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Government Expenditure and Economic Growth: Evidence from Trivariate Causality Testing

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  • Loizides, John
  • Vamvoukas, George

Abstract

This paper seeks to examine if the relative size of government (measured as the share of total expenditure in GNP can be determined to Granger cause the rate of economic growth, or if the rate of economic growth can be determined to Granger cause the relative size of government. For this purpose, we first use a bivariate error correction model within a Granger causality framework, as well as adding unemployment and inflation (separately) as explanatory variables, creating a simple ‘trivariate’ analysis for each of these two variables. The combined analysis of bivariate and trivariate tests offers a rich menu of possible causal patterns. Using data on Greece, UK and Ireland, the analysis shows: i) government size Granger causes economic growth in all countries of the sample in the short run and in the long run for Ireland and the UK; ii) economic growth Granger causes increases in the relative size of government in Greece, and, when inflation is included, in the UK.

Suggested Citation

  • Loizides, John & Vamvoukas, George, 2005. "Government Expenditure and Economic Growth: Evidence from Trivariate Causality Testing," Journal of Applied Economics, Universidad del CEMA, vol. 8(1), pages 1-28, May.
  • Handle: RePEc:ags:jaecon:37515
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    References listed on IDEAS

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    1. Ram, Rati, 1987. "Wagner's Hypothesis in Time-Series and Cross-section Perspectives:," The Review of Economics and Statistics, MIT Press, vol. 69(2), pages 194-204, May.
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    5. Bharat Kolluri & Michael Panik & Mahmoud Wahab, 2000. "Government expenditure and economic growth: evidence from G7 countries," Applied Economics, Taylor & Francis Journals, vol. 32(8), pages 1059-1068.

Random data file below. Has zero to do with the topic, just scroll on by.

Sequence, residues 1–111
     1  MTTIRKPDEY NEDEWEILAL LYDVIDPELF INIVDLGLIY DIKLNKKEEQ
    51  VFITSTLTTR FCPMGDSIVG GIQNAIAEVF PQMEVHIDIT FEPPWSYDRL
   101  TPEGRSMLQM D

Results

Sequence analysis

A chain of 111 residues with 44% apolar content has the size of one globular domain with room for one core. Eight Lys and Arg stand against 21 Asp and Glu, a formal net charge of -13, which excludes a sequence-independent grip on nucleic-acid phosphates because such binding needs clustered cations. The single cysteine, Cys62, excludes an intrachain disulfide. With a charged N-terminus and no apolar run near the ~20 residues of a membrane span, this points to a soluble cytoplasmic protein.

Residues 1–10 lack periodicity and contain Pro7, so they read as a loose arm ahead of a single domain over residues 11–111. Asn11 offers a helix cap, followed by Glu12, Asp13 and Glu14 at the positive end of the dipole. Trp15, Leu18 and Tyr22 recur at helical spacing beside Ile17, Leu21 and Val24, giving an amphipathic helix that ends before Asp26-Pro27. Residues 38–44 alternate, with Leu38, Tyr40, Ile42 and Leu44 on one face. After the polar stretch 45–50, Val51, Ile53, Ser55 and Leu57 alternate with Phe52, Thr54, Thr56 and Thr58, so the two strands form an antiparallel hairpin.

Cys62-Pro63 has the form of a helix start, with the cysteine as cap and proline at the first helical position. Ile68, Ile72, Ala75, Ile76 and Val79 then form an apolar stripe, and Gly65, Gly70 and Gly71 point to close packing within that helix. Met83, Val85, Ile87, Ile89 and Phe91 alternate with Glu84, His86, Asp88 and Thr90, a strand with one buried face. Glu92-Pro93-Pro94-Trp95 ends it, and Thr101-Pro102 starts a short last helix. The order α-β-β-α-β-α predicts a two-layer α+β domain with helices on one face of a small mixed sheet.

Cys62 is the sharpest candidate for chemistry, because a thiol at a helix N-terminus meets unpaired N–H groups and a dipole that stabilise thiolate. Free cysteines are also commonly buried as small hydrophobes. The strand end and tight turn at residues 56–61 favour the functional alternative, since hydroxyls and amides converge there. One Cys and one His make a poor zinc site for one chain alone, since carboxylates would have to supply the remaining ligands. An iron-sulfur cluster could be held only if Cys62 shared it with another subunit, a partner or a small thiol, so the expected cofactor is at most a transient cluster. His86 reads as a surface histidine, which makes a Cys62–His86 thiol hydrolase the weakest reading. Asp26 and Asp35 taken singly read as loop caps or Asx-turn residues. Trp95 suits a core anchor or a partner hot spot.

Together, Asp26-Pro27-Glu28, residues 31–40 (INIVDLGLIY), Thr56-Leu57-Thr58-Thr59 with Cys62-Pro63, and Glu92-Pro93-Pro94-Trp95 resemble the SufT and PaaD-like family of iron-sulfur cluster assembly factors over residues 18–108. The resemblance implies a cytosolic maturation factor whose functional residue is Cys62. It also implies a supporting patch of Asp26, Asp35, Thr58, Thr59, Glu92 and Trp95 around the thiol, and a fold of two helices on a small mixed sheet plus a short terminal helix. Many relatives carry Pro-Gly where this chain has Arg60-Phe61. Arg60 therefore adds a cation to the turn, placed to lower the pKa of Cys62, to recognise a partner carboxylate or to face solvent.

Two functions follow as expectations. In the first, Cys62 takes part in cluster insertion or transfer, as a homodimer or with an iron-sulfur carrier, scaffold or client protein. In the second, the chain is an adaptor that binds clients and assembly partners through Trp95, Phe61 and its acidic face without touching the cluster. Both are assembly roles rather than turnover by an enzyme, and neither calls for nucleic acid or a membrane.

6. Richard Burdekin & Thomas Goodwin & Suyono Salamun & Thomas Willett, 1994. "The effects of inflation on economic growth in industrial and developing countries: is there a difference?," Applied Economics Letters, Taylor & Francis Journals, vol. 1(10), pages 175-177.
    7. Fischer, Stanley, 1993. "The role of macroeconomic factors in growth," Journal of Monetary Economics, Elsevier, vol. 32(3), pages 485-512, December.
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    9. Granger, C W J, 1969. "Investigating Causal Relations by Econometric Models and Cross-Spectral Methods," Econometrica, Econometric Society, vol. 37(3), pages 424-438, July.
    10. Singh, Balvir & Sahni, Balbir S, 1984. "Causality between Public Expenditure and National Income," The Review of Economics and Statistics, MIT Press, vol. 66(4), pages 630-644, November.
    11. Ganti, Subrahmanyam & Kolluri, Bharat R, 1979. "Wagner's Law of Public Expenditures: Some Efficient Results for the United States," Public Finance = Finances publiques, , vol. 34(2), pages 225-233.
    12. Granger, C. W. J., 1988. "Some recent development in a concept of causality," Journal of Econometrics, Elsevier, vol. 39(1-2), pages 199-211.
    13. Ram, Rati, 1986. "Government Size and Economic Growth: A New Framework and Some Evidencefrom Cross-Section and Time-Series Data," American Economic Review, American Economic Association, vol. 76(1), pages 191-203, March.
    14. Michael Chletsos & Christos Kollias, 1997. "Testing Wagner's law using disaggregated public expenditure data in the case of Greece: 1958-93," Applied Economics, Taylor & Francis Journals, vol. 29(3), pages 371-377.
    15. Abrams, Burton A, 1999. "The Effect of Government Size on the Unemployment Rate," Public Choice, Springer, vol. 99(3-4), pages 395-401, June.
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    JEL classification:

    • H21 - Public Economics - - Taxation, Subsidies, and Revenue - - - Efficiency; Optimal Taxation

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